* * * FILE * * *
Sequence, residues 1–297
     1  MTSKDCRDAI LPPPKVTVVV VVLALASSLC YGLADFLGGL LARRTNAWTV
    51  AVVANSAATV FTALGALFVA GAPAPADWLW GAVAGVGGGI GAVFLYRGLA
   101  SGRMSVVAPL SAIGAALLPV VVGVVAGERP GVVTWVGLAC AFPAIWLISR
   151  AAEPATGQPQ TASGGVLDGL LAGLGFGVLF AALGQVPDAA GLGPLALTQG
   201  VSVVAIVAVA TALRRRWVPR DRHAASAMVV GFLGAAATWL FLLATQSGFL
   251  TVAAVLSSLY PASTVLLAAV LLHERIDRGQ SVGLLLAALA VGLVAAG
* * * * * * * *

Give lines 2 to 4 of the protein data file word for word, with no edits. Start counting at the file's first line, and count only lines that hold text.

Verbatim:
     1  MTSKDCRDAI LPPPKVTVVV VVLALASSLC YGLADFLGGL LARRTNAWTV
    51  AVVANSAATV FTALGALFVA GAPAPADWLW GAVAGVGGGI GAVFLYRGLA
   101  SGRMSVVAPL SAIGAALLPV VVGVVAGERP GVVTWVGLAC AFPAIWLISR